New for this year: Star Ratings. The Eden Project scores 3.5/5
Tim Smit says he dreamed up this vision called the Eden Project whilst sitting in his garden shed. It's now 10 years old and has had so much coverage in the press, that it was on our list of must-do's when we went to Cornwall recently.
What is it? Well it has the 2 largest biomes (or conservatories!) in the world, which house an amazing collection of tropical plants. They are in an old steep sided clay pit 60 metres deep and the size of 35 football pitches. It's 15 metres below the water table and had no soil. A challenge for the very best gardener and an intriguing use of an exhausted old quarry! (more about how they made the soil in the next posting)
So, a major visitor attraction with lots of positive coverage in the press. Photos are towards the end of this posting, but here's an objective visitor-eye-view first.....
...... it has an excellent cafe with fabulous food (you help yourself to what you fancy, sit down, eat it, then get up and pay. No one writes anything down or gives a receipt, and they rely on your honesty when it comes to charging you for what you eat.) The loos are numerous and clean (despite from very strangely coloured water which is to do with recycling and is in fact most hygenic, they say.) There's plenty of seating around the garden and in the cafe. A small train runs up and down the slopes for those unable to negotiate the zigzagging paths.
There's a really wonderful shop with lots of interesting things to see and buy. I came away with paper made from elephant dung, a felt flower on a long stalk, an apron dyed with tea, and a jar of excellent piccalilli.
The plant centre was disappointing because it didn't contain anything that I couldn't buy in my local garden centre. (I suspect plants were bought in rather than grown at the Eden Project, and are therefore much the same as anywhere else.) I wanted to spend money, but didn't.
So why the 3.5 star rating? Largely because of the £23 adult entry price! (you can get cheaper deals on line, but it's still a fair amount) If I'm honest, it's a £15 attraction, not a £23 one, so I thought it was overpriced. It was also heavy on the education element; which whilst commendable, has been said so many times, that it felt rather dumbed down. Lots of school children on visits taking notes, so I guess it's a good source of revenue. I admire Tim Smit's ideas enormously, but the, otherwise slick, business side for attracting older, or possibly well informed, visitors needs updating.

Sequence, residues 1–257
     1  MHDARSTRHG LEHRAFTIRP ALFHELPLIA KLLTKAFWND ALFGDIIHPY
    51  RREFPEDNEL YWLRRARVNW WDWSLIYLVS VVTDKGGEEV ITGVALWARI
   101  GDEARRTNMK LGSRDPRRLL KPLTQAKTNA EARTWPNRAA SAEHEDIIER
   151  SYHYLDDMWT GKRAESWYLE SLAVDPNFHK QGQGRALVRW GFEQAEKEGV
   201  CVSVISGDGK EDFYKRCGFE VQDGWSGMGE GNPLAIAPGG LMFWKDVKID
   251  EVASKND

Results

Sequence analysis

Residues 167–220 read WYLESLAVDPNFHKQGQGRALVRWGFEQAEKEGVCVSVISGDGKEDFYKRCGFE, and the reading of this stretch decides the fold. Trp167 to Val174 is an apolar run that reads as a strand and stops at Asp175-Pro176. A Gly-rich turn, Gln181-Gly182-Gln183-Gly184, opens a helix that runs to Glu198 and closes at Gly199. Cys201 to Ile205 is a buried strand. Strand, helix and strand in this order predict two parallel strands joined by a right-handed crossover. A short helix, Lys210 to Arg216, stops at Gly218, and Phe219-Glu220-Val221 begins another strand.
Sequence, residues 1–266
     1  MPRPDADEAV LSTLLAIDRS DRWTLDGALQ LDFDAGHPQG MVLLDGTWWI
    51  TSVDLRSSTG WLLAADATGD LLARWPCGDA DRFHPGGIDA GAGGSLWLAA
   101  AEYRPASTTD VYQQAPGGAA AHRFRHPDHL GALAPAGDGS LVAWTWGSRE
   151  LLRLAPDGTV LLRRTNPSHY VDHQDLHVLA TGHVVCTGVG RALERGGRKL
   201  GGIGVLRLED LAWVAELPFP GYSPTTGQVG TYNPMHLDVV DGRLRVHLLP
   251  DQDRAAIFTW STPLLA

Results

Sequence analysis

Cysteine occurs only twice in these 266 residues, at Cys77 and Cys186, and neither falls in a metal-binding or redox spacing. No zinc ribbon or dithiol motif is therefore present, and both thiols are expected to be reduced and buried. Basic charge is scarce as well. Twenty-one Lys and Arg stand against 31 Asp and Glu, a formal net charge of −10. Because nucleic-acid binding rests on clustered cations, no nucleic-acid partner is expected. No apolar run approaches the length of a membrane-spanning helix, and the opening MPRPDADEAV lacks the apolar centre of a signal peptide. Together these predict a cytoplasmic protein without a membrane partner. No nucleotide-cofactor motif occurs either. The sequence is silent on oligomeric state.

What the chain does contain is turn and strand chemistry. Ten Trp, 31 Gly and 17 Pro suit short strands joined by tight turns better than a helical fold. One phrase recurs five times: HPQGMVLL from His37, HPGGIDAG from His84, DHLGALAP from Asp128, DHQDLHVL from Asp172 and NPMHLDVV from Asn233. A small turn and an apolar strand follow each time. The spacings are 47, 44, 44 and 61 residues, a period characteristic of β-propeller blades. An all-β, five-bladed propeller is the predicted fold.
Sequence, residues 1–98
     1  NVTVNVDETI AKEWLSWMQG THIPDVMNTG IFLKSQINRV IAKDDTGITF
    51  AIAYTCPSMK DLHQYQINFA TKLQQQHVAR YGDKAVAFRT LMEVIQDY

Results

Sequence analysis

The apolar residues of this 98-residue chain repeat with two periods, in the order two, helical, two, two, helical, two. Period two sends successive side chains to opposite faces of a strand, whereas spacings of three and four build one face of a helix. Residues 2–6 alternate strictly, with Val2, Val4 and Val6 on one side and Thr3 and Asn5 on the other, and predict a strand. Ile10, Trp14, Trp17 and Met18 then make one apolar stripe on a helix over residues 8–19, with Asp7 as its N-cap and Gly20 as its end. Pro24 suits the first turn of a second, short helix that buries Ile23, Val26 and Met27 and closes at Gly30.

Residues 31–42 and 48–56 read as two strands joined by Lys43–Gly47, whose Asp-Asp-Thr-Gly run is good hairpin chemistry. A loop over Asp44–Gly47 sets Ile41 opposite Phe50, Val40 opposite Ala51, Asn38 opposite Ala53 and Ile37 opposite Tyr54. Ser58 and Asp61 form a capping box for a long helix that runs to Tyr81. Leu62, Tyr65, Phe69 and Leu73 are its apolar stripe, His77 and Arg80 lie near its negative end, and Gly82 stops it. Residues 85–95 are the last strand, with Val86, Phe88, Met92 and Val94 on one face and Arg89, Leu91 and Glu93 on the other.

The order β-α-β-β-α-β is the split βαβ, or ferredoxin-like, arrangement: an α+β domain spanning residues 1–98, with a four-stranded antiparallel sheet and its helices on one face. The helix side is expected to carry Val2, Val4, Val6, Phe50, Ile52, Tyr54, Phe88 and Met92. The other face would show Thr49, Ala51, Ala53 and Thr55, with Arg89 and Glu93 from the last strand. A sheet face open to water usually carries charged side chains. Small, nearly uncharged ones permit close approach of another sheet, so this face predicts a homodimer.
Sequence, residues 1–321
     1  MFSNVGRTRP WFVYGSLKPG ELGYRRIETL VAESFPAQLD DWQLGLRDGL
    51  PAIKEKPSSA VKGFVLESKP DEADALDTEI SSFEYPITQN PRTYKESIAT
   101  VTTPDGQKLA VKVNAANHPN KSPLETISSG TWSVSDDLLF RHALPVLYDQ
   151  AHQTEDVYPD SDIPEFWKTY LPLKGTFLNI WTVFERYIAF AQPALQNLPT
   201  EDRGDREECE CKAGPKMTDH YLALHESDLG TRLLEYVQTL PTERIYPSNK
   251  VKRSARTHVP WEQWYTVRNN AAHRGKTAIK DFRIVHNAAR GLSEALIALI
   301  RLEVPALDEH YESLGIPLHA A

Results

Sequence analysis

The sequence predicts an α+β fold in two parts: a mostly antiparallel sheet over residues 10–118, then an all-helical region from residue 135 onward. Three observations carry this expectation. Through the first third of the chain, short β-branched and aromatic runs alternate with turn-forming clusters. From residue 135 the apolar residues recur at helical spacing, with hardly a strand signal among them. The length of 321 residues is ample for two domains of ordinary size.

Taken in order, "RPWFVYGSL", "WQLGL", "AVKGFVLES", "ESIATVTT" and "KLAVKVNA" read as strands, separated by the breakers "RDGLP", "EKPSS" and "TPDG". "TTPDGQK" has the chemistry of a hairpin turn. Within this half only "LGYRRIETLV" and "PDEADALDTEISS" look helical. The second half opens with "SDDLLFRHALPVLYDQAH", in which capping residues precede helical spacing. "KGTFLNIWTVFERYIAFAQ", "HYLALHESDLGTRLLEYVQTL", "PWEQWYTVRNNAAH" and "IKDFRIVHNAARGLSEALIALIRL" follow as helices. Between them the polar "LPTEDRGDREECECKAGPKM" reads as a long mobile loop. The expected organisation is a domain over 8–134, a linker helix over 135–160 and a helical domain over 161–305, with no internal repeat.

The Rainforest biome was very very hot and humid, and I hurried around as I couldn't stand the heat. It was nearly 40 degrees with a 70/80% humidity; because of this they closed the upper walkway so I wasn't able to see everything from on high.
Designed by Paul Bonomini
Irons, and toasters, and tellies, and computers, and kettles, and fans,...........and....I can just see a hedge trimmer at the back!
Below: Inside one of the Rainforest biome.
The photo is of the roof of the rainforest biome and shows the walkway across the top. You have to be able to cope with heat, humidity, and heights to go up here!
All the exotic fruits and seeds you could want, and not a pasty in sight...sadly.
"Rainforest is the glue that holds the climate of our planet together. Lose the forest and it will have devastating consequences for all life on Earth" (Professor Sir Ghillean Prance)
The Humid Tropic regions are located between the Tropics of Cancer and Capricorn. The average temperature is 25C all year round with over 90% humidity and 1,500 mm annual rainfall. They control the earth's climate and absorb and store CO2 in their wood. They make huge white clouds, which reflect heat, keeping the earth cool and help maintain the earth's rain cycles which in turn water our crops and feed us. They cover 5% of the earth and are home to half the world's plant and animal species.
Next posting: how they made the soil, what the biomes are made out of, and the Mediterranean biome